What a week for the bulls! Talk about a strong week. Right from the start on Monday morning, the market was bid up. It seems that all news is good news at this point, and above the resistance at 88, it looks like mutual funds have started buying into the move they missed off the lows, after the dismal year that was 2008. On Thursday we saw our first sign of weakness, but the release of the stress test results caused another spike up in the market on Friday. We closed right by the week’s highs, so we’ll have to see what happens at the 93 level this upcoming week. Above there I would be looking for the SPY to have a little bit of trouble at the 94.50 level.
So let’s take a look at a few important articles from the week:
An interesting chart of the Dow priced in relation to gold. When you look at this chart, you see that priced in terms of gold, we’ve been in a bear market for the last 10 years.
Some speculation on the possibility of the dollar collapsing as the Chinese begin to move away from it. As I’ve said before in this section, this is a long term fundamental shift to keep an eye on.
A lot of chatter going around about the vanishing consumer credit. People with almost perfect credit scores are being denied credit. For a market that has rallied sharply on the GDP number which showed that consumer spending looks to be showing signs of life, this isn’t exactly what you’re looking for.
A really good analysis on NYSE high-low volume off the lows compared to the 2003 bear market end. Something is odd when the high-lows have basically flatlined since the March lows. Furthermore, correlation is still running high in the markets.
All traders are always seeking to improve. But we’re not always asking ourselves the right questions to get to that next level. Dr. Steenbarger has helped re-shape some problem focused questions into solution focused questions.
A very interesting week. The SPY continues to linger around just below the 88 level, consolidating near the highs. Tuesday’s action after the Fed announcement increased volatility, although we haven’t really gone anywhere. Wednesday morning, it looked like the bulls were regaining control of the tape, but were not able to close the week above the critical 88 level. One thing I’ve noticed in the price action this week: Although the SPY looks like it’s getting ready to possibly make another up-leg, the financial sector as a whole has not participated in these new recent highs. Don’t get me wrong, not all financials are lagging. Both GS and MS have been extremely strong, but as a whole, the sector is lagging and looks like it is stalling. This makes me very cautious about being long at these levels.
That being said, let’s take a look at some interesting things from the past week:
The rising wedge pattern is still intact on the S&P futures. This is important to realize, because although it looks like the index is breaking out, a closer look tells us this could be a topping pattern where we can expect a pullback of some sort.
This earnings season has continued to top analysts estimates. With over 75% of companies having reported now, this earnings season is proving to be one of the best in a while, even if it is on significantly lowered expectations.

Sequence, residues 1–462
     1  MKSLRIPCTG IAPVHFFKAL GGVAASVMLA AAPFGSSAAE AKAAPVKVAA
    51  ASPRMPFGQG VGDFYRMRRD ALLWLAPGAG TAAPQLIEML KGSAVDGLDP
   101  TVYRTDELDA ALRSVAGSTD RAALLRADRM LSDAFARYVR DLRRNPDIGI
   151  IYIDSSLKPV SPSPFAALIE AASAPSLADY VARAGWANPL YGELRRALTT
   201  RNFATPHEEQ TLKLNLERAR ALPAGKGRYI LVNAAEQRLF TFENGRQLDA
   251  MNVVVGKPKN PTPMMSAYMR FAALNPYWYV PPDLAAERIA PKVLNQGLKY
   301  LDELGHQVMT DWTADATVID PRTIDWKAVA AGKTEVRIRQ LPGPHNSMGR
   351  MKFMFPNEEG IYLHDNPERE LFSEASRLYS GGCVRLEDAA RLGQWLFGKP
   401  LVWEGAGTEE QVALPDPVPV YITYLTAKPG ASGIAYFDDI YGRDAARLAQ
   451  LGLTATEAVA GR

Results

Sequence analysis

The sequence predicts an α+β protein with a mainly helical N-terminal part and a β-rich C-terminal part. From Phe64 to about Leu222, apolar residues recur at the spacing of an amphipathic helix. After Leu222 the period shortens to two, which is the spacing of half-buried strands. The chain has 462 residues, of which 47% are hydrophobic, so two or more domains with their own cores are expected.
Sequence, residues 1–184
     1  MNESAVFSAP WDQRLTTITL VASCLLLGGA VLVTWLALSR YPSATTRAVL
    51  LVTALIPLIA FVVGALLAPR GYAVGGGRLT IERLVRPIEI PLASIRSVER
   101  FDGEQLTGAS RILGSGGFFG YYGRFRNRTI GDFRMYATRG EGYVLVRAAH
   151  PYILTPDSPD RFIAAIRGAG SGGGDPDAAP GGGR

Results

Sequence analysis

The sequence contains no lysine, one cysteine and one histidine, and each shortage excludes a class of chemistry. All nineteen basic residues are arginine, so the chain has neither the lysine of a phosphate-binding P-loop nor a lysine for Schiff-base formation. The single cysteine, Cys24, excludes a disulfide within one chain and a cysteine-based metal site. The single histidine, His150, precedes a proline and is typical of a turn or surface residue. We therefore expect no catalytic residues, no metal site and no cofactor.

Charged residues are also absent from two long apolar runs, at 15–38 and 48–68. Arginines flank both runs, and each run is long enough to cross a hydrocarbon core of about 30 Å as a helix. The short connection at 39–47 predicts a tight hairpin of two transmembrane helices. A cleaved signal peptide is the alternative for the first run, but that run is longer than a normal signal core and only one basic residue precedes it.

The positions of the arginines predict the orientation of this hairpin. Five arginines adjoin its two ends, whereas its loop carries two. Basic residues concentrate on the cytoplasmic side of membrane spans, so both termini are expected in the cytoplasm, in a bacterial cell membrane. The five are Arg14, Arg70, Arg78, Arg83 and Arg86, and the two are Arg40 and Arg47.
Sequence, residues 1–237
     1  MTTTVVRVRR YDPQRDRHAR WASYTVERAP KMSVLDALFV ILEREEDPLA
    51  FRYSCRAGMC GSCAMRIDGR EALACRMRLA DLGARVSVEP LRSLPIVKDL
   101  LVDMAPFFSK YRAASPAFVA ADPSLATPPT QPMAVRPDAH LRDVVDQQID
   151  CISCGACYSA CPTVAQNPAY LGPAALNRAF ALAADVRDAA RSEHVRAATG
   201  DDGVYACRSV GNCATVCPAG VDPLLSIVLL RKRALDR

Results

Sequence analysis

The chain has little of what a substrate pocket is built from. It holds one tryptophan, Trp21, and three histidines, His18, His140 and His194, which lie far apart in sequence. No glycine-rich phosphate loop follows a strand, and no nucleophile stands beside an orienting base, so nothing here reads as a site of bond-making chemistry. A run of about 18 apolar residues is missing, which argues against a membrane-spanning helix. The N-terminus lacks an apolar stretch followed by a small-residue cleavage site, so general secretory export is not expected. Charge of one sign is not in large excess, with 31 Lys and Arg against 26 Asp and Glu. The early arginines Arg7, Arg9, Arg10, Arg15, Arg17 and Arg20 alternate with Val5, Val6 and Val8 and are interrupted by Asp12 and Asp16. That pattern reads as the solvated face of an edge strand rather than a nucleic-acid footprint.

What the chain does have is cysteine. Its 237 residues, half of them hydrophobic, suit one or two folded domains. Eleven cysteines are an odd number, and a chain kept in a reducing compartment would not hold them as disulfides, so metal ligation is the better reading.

A little update on some troubled asset sales. The 33% discount is much lower than what banks are listing assets on their books as. So, as expected, the suspension of mark-to-market accounting is really helping out the banks. The question remains: will these assets ever recover?
As because de-lever, the Fed has been levering up. Those assets have to go somewhere.
Citi may need to raise $10 billion. Stress test results are expected to be out on Thursday, after the market close. There have been rumors that the reason for the delay in the release of the results is because the banks are contesting the regulator’s numbers. Given the assumptions made under the most stressful scenarios, I think they have been shown alot of mercy. But this is the classic case of giving someone an inch, and them trying to take a mile. Some more insight into the stress tests courtesy of Naked Capitalism.
Another $400 billion in bank losses on the way. It will be interesting to watch how this unfolds, but more importantly how the market reacts to news in the financial sector. Over the last 3 weeks especially, the market has responded very well to capital raises, sending equity prices higher.
Here’s an analysis of program trading on the NYSE lately. GS has increased program trading significantly over the past few weeks. Zerohedge has discussed this in detail, with Goldman finally responding this past week. Some interesting points are raised. This is something I have become increasingly interested in and thought others would be curious to know about.
A very interesting analysis from the NY Times on genius. What has often been attributed as genius in the past was actually thousands of hours or practice and hard work. To touch on what Bella wrote about this past week, you must be committed to working long and hard if you wish to be the best, not just in trading, but in anything you do.